1.  Budget your contact time with your adjuster.  Use short and direct emailed questions if needed.  Calling will only cause the adjuster to have to review the file and then get back to you – Employer cheating themselves on their adjuster’s limited time.
  2. Find your UNISTAT date ASAP.  The UNISTAT date is usually 18o days after policy expiration.  Use that date as your guide to do file reviews with the adjusting staff.   I have written numerous articles on setting up a claims review diary in this blog.  Check out those suggestions.
  3. Completely fill out the FROI’s.  One unfinished blank can be costly.  Attach any initial medical treatment and list of witnesses to the accident.  Be extremely verbose.  The more info the adjusting staff has on hand at the first of the claim, the better the results for all,  including the injured employee.
  4. Self-insureds – set healthy and accurate reserves at the start of the claim.  Reserving just enough to pay bills means you are hunting for numbers in the dark.  Many analytic packages can help you with reserving.   Your Third Party Administrator (TPA) will usually not allow just enough reserves to cover bills.   The TPA’s and actuaries know how harmful sever under-reserving can be to a self-insurance program.

Employers cheating themselves could have been too strong of a statement.  Catching your attention was the goal.

How did I come up with these four?  I have been tasked with reviewing many claims this year.   One night I turned off the computer in disgust and said these employers are cheating themselves and may not know it.

Now you do.

 

©J&L Risk Management Inc Copyright Notice

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James Moore

Raleigh, NC, United States

About The Author...

James founded a Workers’ Compensation consulting firm, J&L Risk Mgmt Consultants, Inc. in 1996. J&L’s mission is to reduce our clients’ Workers Compensation premiums by using time-tested techniques. J&L’s claims, premium, reserve and Experience Mod reviews have saved employers over $9.8 million in earned premiums over the last three years. J&L has saved numerous companies from bankruptcy proceedings as a result of insurance overpayments.

James has over 27 years of experience in insurance claims, audit, and underwriting, specializing in Workers’ Compensation. He has supervised, and managed the administration of Workers’ Compensation claims, and underwriting in over 45 states. His professional experience includes being the Director of Risk Management for the North Carolina School Boards Association. He created a very successful Workers’ Compensation Injury Rehabilitation Unit for school personnel.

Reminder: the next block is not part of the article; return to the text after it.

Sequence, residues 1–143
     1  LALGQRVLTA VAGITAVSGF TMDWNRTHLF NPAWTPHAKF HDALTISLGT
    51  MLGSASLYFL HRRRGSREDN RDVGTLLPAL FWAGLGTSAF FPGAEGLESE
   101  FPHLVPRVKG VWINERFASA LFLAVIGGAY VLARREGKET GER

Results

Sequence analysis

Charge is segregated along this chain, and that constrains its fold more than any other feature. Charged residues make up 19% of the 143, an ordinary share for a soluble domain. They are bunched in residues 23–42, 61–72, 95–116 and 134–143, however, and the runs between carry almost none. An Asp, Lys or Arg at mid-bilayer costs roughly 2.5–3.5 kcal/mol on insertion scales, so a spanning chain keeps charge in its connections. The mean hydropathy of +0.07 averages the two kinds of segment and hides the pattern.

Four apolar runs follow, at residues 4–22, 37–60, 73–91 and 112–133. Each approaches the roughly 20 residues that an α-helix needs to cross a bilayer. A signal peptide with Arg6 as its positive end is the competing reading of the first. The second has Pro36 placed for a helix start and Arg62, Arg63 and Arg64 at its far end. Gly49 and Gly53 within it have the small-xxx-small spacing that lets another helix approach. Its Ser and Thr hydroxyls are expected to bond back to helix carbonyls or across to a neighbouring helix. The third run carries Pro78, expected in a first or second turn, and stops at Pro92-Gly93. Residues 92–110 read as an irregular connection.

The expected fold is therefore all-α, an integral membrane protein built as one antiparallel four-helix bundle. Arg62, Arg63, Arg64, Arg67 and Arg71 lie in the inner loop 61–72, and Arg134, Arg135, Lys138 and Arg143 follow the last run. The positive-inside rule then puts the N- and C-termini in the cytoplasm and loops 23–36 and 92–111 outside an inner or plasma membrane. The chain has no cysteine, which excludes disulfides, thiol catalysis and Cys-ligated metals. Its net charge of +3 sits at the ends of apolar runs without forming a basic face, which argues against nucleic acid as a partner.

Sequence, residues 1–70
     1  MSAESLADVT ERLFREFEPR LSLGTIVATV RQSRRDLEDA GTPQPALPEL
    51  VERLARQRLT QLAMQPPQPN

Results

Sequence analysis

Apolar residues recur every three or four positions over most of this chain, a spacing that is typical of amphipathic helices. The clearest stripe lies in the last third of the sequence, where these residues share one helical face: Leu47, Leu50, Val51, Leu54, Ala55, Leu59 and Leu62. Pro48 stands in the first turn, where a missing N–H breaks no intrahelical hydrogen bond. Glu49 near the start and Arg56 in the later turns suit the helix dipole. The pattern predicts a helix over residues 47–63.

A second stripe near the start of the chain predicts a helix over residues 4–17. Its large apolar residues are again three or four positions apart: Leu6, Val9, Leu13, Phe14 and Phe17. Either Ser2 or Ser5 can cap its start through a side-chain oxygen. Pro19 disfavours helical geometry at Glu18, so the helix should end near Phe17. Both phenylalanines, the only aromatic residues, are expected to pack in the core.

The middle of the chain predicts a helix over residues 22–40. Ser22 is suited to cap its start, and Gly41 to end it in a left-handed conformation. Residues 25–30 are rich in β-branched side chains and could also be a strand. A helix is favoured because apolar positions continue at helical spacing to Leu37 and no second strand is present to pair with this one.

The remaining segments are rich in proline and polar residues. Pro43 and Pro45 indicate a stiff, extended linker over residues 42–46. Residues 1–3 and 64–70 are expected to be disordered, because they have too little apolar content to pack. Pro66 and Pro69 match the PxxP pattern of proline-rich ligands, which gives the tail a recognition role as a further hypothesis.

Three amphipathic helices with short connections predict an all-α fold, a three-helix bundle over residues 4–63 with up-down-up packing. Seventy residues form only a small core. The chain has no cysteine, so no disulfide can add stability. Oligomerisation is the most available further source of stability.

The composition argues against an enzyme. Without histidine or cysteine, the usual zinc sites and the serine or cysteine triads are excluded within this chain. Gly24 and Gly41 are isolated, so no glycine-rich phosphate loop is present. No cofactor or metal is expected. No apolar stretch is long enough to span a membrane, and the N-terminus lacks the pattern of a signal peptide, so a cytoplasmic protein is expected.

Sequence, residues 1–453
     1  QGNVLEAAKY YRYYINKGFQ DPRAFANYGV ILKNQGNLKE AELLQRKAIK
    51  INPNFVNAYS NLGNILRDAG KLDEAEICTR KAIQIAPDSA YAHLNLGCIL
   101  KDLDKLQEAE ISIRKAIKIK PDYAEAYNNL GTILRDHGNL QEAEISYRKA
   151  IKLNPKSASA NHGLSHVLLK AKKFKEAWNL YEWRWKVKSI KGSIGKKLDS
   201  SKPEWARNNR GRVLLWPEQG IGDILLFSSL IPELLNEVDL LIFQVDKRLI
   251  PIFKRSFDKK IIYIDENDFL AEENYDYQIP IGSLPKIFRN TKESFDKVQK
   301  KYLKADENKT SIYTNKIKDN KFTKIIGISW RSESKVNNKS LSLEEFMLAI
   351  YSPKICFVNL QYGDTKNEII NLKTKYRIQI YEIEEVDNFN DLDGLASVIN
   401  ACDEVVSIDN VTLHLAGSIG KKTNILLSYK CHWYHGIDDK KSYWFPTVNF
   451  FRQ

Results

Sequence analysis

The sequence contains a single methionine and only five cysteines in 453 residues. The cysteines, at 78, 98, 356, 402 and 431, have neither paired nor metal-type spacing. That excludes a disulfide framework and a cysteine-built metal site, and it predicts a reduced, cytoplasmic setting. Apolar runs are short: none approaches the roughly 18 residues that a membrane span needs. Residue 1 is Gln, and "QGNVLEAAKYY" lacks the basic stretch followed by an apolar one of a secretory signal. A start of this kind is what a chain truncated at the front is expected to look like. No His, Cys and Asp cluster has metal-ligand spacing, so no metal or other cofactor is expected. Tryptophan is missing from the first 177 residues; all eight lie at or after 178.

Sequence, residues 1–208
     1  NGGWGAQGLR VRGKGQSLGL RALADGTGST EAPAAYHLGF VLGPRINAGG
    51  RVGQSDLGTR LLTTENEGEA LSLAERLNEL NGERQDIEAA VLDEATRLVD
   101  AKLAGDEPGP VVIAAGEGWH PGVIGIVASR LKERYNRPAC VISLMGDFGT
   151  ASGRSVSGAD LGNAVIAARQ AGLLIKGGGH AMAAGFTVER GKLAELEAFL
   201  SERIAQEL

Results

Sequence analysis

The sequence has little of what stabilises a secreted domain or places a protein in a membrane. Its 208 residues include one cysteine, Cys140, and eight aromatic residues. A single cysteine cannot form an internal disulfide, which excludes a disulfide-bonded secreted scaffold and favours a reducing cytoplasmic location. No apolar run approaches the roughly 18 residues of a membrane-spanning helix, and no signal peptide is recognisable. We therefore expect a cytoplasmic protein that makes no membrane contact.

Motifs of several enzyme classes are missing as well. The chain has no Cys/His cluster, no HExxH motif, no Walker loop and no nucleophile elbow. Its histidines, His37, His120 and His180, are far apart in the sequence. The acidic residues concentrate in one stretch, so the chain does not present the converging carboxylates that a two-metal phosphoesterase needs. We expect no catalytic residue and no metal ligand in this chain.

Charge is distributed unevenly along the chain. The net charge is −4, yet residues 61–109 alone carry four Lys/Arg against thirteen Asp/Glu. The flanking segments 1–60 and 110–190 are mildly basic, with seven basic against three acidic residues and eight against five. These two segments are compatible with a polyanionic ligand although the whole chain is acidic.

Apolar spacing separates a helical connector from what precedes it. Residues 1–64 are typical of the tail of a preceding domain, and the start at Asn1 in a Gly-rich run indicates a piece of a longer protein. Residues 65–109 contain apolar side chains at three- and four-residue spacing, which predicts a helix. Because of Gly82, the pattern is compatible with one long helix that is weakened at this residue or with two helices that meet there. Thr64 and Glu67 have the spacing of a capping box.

James’s educational background, which centered on computer technology, culminated in earning a Masters of Business Administration (MBA); an Associate in Claims designation (AIC); and an Associate in Risk Management designation (ARM). He is a Chartered Financial Consultant (ChFC) and a licensed financial advisor. The NC Department of Insurance has certified him as an insurance instructor. He also possesses a Bachelors’ Degree in Actuarial Science.

LexisNexis has twice recognized his blog as one of the Top 25 Blogs on Workers’ Compensation. J&L has been listed in AM Best’s Preferred Providers Directory for Insurance Experts – Workers Compensation for over eight years. He recently won the prestigious Baucom Shine Lifetime Achievement Award for his volunteer contributions to the area of risk management and safety. James was recently named as an instructor for the prestigious Insurance Academy.

James is on the Board of Directors and Treasurer of the North Carolina Mid-State Safety Council. He has published two manuals on Workers’ Compensation and three different claims processing manuals. He has also written and has been quoted in numerous articles on reducing Workers’ Compensation costs for public and private employers. James publishes a weekly newsletter with 7,000 readers.

He currently possess press credentials and am invited to various national Workers Compensation conferences as a reporter.

James’s articles or interviews on Workers’ Compensation have appeared in the following publications or websites:

  • Risk and Insurance Management Society (RIMS)
  • Entrepreneur Magazine
  • Bloomberg Business News
  • WorkCompCentral.com
  • Claims Magazine
  • Risk & Insurance Magazine
  • Insurance Journal
  • Workers Compensation.com
  • LinkedIn, Twitter, Facebook and other social media sites
  • Various trade publications